Thunderbolt external drive

Discussion in 'MacBook Pro' started by timtapio, Dec 24, 2012.

  1. timtapio macrumors newbie

    Dec 24, 2012
    MacBook Pro early 2011. Appears to be USB 2.0
    Using PhotoShop CS6, trying to setup scratch drive.

    Don't know if Thunderbolt is best solution or who offers best deal.

    Any ideas?
  2. MCAsan macrumors 601


    Jul 9, 2012
    Use the boot drive as scratch. Move competed photos to external drives to free up boot disk space. For max performance, change to SSD and have 16GB of memory. External drives can be FW800, USB 3, or thunderbolt. Be sure to have a large external drive for Time Machine backups.
  3. pgiguere1, Dec 24, 2012
    Last edited: Dec 24, 2012

    pgiguere1 macrumors 68020


    May 28, 2009
    Montreal, Canada
    I don't know what's your budget, but this is a pretty good solution for the price:

    It's not cheap, but 256GB of SSD through Thunderbolt is quite a nice external scratch disk.

    Your Mac doesn't have USB 3.0 so otherwise you could get a USB 2.0 external hard drive for really cheap but performance will be considerably worse than the LaCie Thunderbolt SSD I pointed out (155 MB/s vs 30 MB/s).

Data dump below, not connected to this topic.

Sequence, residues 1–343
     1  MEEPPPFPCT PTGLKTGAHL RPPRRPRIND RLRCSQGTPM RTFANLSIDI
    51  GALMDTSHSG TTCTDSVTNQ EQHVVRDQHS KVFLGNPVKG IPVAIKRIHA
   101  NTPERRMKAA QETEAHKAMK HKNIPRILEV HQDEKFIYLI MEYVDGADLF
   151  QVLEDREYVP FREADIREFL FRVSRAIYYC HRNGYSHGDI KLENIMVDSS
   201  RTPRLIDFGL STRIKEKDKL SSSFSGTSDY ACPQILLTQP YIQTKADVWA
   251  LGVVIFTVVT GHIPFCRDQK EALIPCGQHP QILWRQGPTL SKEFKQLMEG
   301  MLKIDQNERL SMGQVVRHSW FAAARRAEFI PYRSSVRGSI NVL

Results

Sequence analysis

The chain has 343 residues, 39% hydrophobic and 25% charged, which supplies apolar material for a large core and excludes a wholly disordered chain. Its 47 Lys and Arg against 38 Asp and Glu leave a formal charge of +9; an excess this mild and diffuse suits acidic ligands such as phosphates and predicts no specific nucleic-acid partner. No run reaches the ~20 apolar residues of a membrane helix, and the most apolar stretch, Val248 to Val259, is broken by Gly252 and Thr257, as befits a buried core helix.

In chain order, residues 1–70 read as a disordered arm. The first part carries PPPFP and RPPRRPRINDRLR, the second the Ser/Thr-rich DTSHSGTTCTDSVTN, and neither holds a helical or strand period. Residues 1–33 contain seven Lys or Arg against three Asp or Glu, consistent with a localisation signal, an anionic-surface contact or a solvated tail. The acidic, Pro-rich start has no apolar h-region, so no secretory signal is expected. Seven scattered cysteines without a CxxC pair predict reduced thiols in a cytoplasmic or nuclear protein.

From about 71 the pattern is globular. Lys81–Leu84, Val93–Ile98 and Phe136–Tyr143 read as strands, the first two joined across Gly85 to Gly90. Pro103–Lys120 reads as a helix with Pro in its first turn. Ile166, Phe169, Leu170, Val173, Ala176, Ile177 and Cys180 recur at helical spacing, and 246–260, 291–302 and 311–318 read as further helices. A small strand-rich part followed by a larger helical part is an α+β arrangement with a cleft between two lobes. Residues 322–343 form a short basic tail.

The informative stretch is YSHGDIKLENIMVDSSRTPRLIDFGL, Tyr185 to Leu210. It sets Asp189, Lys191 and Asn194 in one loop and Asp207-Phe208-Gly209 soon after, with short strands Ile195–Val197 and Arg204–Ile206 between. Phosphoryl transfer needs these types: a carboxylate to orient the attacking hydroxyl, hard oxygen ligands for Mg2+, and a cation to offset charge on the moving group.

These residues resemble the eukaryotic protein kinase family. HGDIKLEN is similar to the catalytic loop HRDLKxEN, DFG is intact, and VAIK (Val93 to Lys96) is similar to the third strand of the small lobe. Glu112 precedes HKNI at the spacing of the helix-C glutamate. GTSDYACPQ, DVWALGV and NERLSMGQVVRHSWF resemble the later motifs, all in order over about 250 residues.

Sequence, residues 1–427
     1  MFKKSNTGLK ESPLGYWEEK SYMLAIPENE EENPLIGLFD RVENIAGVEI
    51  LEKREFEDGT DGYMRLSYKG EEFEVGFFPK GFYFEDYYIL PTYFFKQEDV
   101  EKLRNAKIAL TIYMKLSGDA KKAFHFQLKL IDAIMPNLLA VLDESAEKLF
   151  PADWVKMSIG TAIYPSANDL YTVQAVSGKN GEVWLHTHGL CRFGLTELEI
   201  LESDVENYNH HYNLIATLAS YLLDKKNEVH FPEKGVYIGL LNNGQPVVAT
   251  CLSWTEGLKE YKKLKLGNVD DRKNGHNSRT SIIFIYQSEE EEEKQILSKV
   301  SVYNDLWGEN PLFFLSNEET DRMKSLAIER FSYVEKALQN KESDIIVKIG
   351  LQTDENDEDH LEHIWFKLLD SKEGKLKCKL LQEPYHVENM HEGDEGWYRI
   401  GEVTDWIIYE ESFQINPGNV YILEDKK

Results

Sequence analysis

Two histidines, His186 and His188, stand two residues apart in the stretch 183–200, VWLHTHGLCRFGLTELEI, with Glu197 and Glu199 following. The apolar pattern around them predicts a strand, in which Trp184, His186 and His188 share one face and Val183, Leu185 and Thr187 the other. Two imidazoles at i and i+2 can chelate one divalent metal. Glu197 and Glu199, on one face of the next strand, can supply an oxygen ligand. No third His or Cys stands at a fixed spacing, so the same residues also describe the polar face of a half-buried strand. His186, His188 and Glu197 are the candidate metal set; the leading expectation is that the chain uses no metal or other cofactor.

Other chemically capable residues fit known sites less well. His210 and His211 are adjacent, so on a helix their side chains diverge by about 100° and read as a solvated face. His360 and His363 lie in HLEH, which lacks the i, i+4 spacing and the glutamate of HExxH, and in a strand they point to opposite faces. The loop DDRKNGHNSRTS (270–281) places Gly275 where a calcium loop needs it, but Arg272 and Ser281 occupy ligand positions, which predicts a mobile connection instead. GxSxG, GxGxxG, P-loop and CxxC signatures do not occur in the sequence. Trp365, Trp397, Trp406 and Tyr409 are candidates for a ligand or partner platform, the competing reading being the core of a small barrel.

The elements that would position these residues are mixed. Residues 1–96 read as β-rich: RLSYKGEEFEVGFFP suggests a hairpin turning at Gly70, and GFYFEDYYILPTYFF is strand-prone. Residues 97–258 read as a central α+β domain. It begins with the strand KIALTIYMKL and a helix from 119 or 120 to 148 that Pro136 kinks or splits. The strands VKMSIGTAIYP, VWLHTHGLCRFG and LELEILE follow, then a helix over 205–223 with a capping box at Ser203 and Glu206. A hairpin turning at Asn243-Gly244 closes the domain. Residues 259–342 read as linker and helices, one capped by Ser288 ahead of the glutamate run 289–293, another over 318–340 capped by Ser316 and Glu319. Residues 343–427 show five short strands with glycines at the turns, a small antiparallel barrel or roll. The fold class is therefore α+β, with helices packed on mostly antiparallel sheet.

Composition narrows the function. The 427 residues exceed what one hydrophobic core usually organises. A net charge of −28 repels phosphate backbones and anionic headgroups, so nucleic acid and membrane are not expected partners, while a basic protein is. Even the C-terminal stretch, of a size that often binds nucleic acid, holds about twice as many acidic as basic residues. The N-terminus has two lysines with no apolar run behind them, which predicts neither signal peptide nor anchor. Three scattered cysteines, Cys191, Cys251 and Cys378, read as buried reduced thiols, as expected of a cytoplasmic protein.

Another solution would be to use a second internal drive in your optibay. It's more convenient, as long as you don't mind losing your optical drive.
  4. Ploki macrumors 68030

    Jan 21, 2008
    thats kinda expensive.
    SAsmung 840 pro + external TB enclosure would be cheaper.
  5. pgiguere1 macrumors 68020


    May 28, 2009
    Montreal, Canada
    256GB Samsung 840 Pro ($269.99 on sale on Newegg) + Seagate GoFlex Thunderbolt adapter ($99.99) + Thunderbolt cable ($49.00) = $418.98.

    Definitely not cheaper, plus that GoFlex adapter is a bit slower and it's going to be super fragile since it will simply be an internal drive with no enclosure. No USB 2.0/3.0 support as well when you want to connect to PCs.
  6. yusukeaoki macrumors 68030


    Mar 22, 2011
    Tokyo, Japan
    If you have a 17in, you can get a USB3 adapter
  7. Ploki macrumors 68030

    Jan 21, 2008
    I stand corrected.
  8. seveej macrumors 6502a


    Dec 14, 2009
    Helsinki, Finland
    Unless you have major issues with using the boot drive as scratch, there is quite little you can do without going into surgery mode. Admittedly, using a TB drive as scratch might be an option, but not exactly hassle-free.

    Are you using the machine desktop-like or do you work on the road a lot?
    Would you want/need the added snappiness of an SSD? If so, replacing the SuperDrive with the HDD (and the HDD with an SSD in turn) might be a good option.


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